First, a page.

- Past and Future NHL Expansion
Past and Future NHL Expansion
Figure 1 Then there were 31: The Vegas Golden Knights
From 1942 to 1967, the NHL consisted of six teams mainly clustered in the east: Montreal Canadiens, Toronto Maple Leafs, Boston Bruins, Chicago Blackhawks, Detroit Red Wings and New York Rangers. By 1967, Major League Baseball had 20 teams from coast to coast. The NFL had 15 teams from coast to coast. Even the NBA, founded only 30 years prior, had 10 teams across the country.
Then There Were 12
The NHL realized it was time to catch up, and catch up it did. The NHL expansion of 1967 doubled the size of the league, making it the biggest single-year expansion in any major professional sport. The six teams added in 1967:
- California Seals (merged with the North Stars in 1978)
- Los Angeles Kings
- Minnesota North Stars (became the Dallas Stars in 1993)
- Philadelphia Flyers
- Pittsburg Penguins
- Louis Blues
50 Years Later, There Were 31
Added to what was referred to as the Original Six, these NHL expansion cities brought the NHL to a total of 12 teams and gave the league a footprint across North America. From then on, NHL expansion has proceeded in the more usual way, with a small number of NHL expansion cities coming in every so often. Here is how it has played out.
- 14 teams. In 1970, the Buffalo Sabres and Vancouver Canucks joined the NHL.
- 16 teams. In 1972, the New York Islanders and Atlanta Flames (Calgary Flames as of 1980) joined the NHL.
- 18 teams. In 1974, the Washington Capitals and Kansas City Scouts joined the NHL. (In 1976, the Scouts became the Colorado Rockies and then the New Jersey Devils in 1982.)
- 17 teams. In 1978, the Seals became the Cleveland Barons and then merged with the North Stars.
- 21 teams. In 1979, the NHL adds four teams from the WHA: Edmonton Oilers, Hartford Whalers, Quebec Nordiques and Winnipeg Jets.
- The Whalers became the Carolina Hurricanes in 1997.
- The Nordiques became the Colorado Avalanche in 1995.
- The Winnipeg Jets became the Phoenix (now Arizona) Coyotes in 1996.
- 22 teams. In 1991, the San Jose Sharks joined the NHL.
- 24 teams. In 1992, the Ottawa Senators and Tampa Bay Lightning joined the NHL.
- 26 teams. In 1993, the Florida Panthers and Mighty Ducks of Anaheim joined the NHL.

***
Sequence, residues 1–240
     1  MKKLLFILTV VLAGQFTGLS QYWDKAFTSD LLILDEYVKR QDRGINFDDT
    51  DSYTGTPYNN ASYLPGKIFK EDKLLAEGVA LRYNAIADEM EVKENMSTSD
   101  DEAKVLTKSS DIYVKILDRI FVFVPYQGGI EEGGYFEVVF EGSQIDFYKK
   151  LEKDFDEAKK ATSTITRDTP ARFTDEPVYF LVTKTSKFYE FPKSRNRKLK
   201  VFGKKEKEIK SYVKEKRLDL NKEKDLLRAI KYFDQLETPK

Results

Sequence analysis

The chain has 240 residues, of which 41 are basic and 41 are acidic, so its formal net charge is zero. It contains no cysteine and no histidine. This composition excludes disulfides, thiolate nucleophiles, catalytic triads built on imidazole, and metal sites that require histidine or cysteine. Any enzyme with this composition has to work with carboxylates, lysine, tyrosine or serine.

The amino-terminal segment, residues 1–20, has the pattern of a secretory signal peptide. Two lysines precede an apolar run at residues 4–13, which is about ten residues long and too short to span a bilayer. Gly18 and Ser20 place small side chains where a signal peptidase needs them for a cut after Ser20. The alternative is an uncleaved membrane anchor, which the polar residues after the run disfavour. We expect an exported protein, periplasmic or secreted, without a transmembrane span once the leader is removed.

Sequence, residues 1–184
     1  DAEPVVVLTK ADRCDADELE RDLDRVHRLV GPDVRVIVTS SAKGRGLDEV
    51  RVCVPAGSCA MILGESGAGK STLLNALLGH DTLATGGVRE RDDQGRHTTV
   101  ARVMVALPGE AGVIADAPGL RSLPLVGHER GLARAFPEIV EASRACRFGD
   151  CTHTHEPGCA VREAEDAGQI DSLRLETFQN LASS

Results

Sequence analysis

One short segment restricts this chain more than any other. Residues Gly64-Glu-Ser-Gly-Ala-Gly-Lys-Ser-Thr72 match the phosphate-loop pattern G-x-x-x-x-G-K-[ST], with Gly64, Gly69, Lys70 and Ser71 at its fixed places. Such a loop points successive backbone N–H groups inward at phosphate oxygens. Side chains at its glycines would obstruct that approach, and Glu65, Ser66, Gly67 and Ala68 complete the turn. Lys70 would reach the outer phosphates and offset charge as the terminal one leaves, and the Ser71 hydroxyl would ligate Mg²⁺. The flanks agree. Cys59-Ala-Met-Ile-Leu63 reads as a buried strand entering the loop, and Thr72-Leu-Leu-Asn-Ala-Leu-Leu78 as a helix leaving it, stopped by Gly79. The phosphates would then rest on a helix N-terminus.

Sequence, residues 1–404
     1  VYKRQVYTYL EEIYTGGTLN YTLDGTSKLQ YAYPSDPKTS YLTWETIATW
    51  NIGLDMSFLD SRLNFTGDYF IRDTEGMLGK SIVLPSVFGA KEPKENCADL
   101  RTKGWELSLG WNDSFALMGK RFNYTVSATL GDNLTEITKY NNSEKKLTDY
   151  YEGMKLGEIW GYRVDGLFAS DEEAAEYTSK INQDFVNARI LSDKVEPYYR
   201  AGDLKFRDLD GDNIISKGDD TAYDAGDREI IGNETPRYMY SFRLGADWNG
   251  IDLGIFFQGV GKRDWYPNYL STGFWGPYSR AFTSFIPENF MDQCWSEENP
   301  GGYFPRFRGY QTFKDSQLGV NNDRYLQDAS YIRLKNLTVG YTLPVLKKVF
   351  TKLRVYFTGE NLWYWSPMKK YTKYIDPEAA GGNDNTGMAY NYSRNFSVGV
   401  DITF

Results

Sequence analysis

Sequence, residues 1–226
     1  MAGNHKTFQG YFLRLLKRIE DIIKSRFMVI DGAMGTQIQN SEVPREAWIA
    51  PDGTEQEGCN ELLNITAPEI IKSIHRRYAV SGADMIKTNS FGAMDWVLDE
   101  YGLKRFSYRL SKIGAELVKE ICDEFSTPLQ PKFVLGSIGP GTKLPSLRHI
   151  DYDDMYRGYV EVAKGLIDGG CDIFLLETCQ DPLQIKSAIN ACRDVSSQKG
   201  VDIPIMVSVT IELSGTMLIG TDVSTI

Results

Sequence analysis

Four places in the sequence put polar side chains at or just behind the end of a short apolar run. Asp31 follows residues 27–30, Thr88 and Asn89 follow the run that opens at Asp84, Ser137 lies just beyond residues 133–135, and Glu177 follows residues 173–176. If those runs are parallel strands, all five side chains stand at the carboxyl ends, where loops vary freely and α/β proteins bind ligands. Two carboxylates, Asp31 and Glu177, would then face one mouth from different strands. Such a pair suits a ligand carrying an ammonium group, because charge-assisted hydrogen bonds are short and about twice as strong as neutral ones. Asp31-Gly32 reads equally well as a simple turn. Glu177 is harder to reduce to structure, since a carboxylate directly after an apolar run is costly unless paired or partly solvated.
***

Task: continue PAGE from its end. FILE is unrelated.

- 27 teams. In 1998, the Nashville Predators joined the NHL.
- 28 teams. In 1999, the Atlanta Thrashers (Winnipeg Jets as of 2011) joined the NHL.
- 30 teams. In 2000, the Columbus Blue Jackets and Minnesota Wild joined the NHL.
- 31 teams. In 2016, the Vegas Golden Knights joined the NHL.
Here are a few notable achievements by teams in NHL expansion cities.
- The Flyers won the Stanley Cup in 1973-74, after coming into the league in 1967. No expansion team has done it quicker.
- As most readers may remember, the Vegas Golden Knights reached the Stanley Cup Final in their first season (2017-2018). Some experts cite that achievement in calling the Knights the most successful expansion team ever, in any major sport.
- The St. Louis Blues also reached the Stanley Cup Final in their first season, but in that case all six expansion teams were in the same division, making it a certainty one of them would reach the Final.
Future NHL Expansion
In 2018, the NHL Board of Governors awarded a franchise to Seattle. The team, as yet unnamed, will play its first season in 2021-22, bringing the league to 32 teams. Interestingly, each of the expansion teams of 1967 had to pay an Original Six team $2 million to enter the NHL. The Seattle franchise has to pay the league a $650 million expansion fee that will be split among all current teams except the Golden Knights — about $21.7 million per team.
Another interesting side note: Seattle has won the Stanley Cup! In 1917, before the NHL, the Seattle Metropolitans of the Pacific Coast Hockey Association became the first U.S. team to win the Cup, beating the Montreal Canadiens (then in the National Hockey Association) 3-1. More than a century later, top-tier hockey comes back to Seattle.
Many other locations have been cited as having great potential for future NHL expansion. Among the names that crop up in conversation include:
- Halifax, Nova Scotia
- Hamilton, Ontario
- Kansas City
- Quebec City
- Salt Lake City
- San Francisco
- Saskatoon, Saskatchewan
One thing is for sure: The NHL has a lot of options for expansion. Beyond Canada and the U.S., there are even some visionaries (dreamers?) who talk about a global NHL that would include teams from far-flung places such as Helsinki (Finland), Moscow (Russia), Prague (Czech Republic), Sapporo (Japan) and Mexico City (Mexico). It seems pretty wild, but in 1967 a lot of people probably thought NHL hockey in Florida was rather farfetched.
(Image Credit – Wikimedia Commons)